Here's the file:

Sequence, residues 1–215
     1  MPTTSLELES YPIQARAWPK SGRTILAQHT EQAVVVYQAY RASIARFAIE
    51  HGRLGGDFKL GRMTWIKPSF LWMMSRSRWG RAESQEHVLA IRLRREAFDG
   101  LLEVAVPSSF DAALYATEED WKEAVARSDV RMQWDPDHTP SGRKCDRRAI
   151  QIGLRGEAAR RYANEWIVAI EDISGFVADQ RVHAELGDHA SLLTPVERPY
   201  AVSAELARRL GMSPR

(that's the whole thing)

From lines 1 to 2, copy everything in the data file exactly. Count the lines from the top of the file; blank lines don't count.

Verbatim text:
Sequence, residues 1–215
     1  MPTTSLELES YPIQARAWPK SGRTILAQHT EQAVVVYQAY RASIARFAIE